- Autonomy vs. collaboration. As hiring ramps up – whether from 10 to 50 people or from 200 to 500 people – there’s a desire to ensure freedom and also address issues more holistically. If executives argue about roles, decision rights, and swim lanes or cross-functional decisions are delayed or made poorly, your team is likely stuck in this false choice.
- Culture vs. growth. If your team asks, “How do we preserve our culture while we grow?” you’re probably not as clear as you should be about the company’s values, operating principles, and how individuals are empowered to live into them. In extreme circumstances, culture and growth are seen as trade-offs, which will undermine both.
- Patience v.s action. “We need a bias toward action.” Or, “We have to be patient with the strategy, let the team do its job, and trust the process.” What if both are true? What if teams could discuss the areas where they should be patient and compare them to the places where the action is necessary?
Healthy teams see these tensions as opportunities for strategic dialogue and realities that can be optimized. They take a both/and approach rather than an either/or approach to resolving tensions – that is, they work together to understand how to get the best from both sides of the tension.
Imagine a team that has paid off its team health debt systematically, and has clear decision rights, structures, and agreements about which issues require urgency and require patience. Imagine a team that brings difficult conversations to the fore, resolves them, and builds relationships. Imagine a team with an updated simple, clear, and co-created purpose, vision, roadmap, and operating plan. How much more quickly could it scale? How much more fun could it be? What will be unleashed?
There are three core areas companies can focus on to improve team health and resilience, and to have a fast impact on strategy execution.
Individual Leadership: It all starts with individual leaders. Every executive leader should know their strengths and values and be clear about their areas of growth. They should see these continually evolving and be invested in exploring them in collaboration with others on the team. Each leader mastering their code builds both confidence and humility – necessary conditions for successful leadership.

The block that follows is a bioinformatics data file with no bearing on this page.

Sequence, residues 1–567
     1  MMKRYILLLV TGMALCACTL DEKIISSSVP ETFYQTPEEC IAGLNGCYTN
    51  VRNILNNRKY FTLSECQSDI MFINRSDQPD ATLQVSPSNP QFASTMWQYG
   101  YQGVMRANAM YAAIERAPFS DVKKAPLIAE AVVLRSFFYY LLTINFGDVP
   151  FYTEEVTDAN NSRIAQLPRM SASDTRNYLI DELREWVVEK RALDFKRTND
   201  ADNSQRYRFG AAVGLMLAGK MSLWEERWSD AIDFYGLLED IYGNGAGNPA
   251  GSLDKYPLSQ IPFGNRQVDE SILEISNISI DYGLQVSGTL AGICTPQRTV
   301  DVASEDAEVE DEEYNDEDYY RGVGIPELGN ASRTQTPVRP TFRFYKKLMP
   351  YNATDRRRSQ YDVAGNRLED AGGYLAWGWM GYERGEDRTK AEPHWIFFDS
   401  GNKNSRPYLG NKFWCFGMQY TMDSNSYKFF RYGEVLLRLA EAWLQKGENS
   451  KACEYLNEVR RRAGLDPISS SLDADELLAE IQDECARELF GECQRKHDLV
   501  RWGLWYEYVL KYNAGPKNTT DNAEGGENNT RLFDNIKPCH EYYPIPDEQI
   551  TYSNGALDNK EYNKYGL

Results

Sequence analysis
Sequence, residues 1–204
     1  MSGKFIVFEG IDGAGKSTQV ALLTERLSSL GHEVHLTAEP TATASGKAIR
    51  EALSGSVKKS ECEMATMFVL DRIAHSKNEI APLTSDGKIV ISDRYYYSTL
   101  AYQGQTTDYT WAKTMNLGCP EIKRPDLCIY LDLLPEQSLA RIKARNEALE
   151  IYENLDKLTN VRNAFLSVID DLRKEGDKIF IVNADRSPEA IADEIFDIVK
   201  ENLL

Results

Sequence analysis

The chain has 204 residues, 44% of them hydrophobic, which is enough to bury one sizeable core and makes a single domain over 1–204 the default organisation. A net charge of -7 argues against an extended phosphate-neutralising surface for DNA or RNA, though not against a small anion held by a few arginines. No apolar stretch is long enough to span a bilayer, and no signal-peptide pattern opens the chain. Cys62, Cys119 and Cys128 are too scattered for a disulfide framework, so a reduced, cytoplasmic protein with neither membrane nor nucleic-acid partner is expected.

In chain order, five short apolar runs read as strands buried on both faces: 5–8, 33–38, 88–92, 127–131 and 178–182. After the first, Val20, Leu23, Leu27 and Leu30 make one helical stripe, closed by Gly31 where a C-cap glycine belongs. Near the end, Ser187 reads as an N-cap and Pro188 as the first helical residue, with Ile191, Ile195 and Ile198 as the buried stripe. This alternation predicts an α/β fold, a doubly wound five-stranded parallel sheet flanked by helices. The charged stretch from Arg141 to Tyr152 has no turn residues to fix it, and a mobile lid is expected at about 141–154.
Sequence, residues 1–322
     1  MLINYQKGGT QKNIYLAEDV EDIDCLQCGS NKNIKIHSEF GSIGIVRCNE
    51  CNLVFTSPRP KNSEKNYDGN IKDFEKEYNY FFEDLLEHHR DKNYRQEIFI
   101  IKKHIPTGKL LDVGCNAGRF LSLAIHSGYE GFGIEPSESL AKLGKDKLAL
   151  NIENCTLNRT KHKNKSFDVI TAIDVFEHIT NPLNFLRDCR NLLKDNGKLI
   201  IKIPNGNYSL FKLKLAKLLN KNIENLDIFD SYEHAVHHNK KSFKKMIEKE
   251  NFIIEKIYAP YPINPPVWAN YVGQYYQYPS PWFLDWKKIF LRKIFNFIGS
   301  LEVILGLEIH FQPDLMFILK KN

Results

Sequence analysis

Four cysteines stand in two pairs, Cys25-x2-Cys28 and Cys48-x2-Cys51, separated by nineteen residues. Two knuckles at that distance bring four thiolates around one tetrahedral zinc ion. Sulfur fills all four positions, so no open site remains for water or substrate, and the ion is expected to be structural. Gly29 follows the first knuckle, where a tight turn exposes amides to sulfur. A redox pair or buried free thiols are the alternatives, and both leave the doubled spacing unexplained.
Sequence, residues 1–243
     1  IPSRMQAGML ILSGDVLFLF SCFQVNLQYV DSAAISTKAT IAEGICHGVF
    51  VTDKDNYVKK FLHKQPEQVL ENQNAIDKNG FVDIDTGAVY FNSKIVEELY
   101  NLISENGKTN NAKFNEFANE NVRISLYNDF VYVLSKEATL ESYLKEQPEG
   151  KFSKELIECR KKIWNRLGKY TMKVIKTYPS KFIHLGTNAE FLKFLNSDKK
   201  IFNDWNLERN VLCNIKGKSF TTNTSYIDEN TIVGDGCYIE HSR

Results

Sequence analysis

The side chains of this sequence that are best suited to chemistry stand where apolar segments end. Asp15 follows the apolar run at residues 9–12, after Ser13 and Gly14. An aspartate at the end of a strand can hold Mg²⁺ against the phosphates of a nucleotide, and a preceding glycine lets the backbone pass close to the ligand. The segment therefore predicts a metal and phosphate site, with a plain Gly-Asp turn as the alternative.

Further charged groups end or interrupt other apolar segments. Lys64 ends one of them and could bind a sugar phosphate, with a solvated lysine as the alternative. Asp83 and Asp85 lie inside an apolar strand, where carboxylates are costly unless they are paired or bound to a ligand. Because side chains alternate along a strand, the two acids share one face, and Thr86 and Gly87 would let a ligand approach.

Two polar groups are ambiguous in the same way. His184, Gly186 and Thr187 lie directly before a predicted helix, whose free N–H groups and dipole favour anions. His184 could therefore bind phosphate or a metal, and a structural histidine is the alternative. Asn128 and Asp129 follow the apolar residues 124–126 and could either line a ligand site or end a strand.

Team Cohesion: Next comes team relationships. In a world where teams are more distributed than ever and where the five-day work week at the office is a thing of the past, there’s an opportunity to focus on the deeper foundations of relationship – trust, vulnerability, and connection. When teams are wedded at a deeper level, they can more rapidly address issues, which means problems are discussed earlier and resolved more quickly, and better solutions are found. Updating the core foundations of a team in response to the pandemic – values, purpose, vision, roadmap, strengths, and operating systems – has the dual impact of providing a strategic or intellectual upgrade and doing so in a way that promotes strategic dialogue and builds connection.
Team Operating System: Just like computers, teams have operating systems that govern their functionality. In most cases, that operating system is not explicit – the rules are unclear for how the most important work gets done. We believe every team should design an operating system that identifies: the cadence of strategic and tactical meetings, the metrics or objectives, and key results (OKRs) to pay attention to; the rhythms and processes to ensure execution success; and the agreed-upon principles. With this operating system in place, the formula for strategy execution is transparent and continuously refined.
Resilience to face anything
Embracing VUCA and the extent to which the future will always be uncertain and unknowable is the first step to becoming resilient to its volatility. Recent years have shaken up strategies and execution. It’s an excellent time to ask whether you’ve sufficiently tended to team health-and whether there’s an opportunity to reduce team health debt during this moment of societal innovation, flexibility, and forgiveness. That would be a great way to create value from the uncertainty of our times.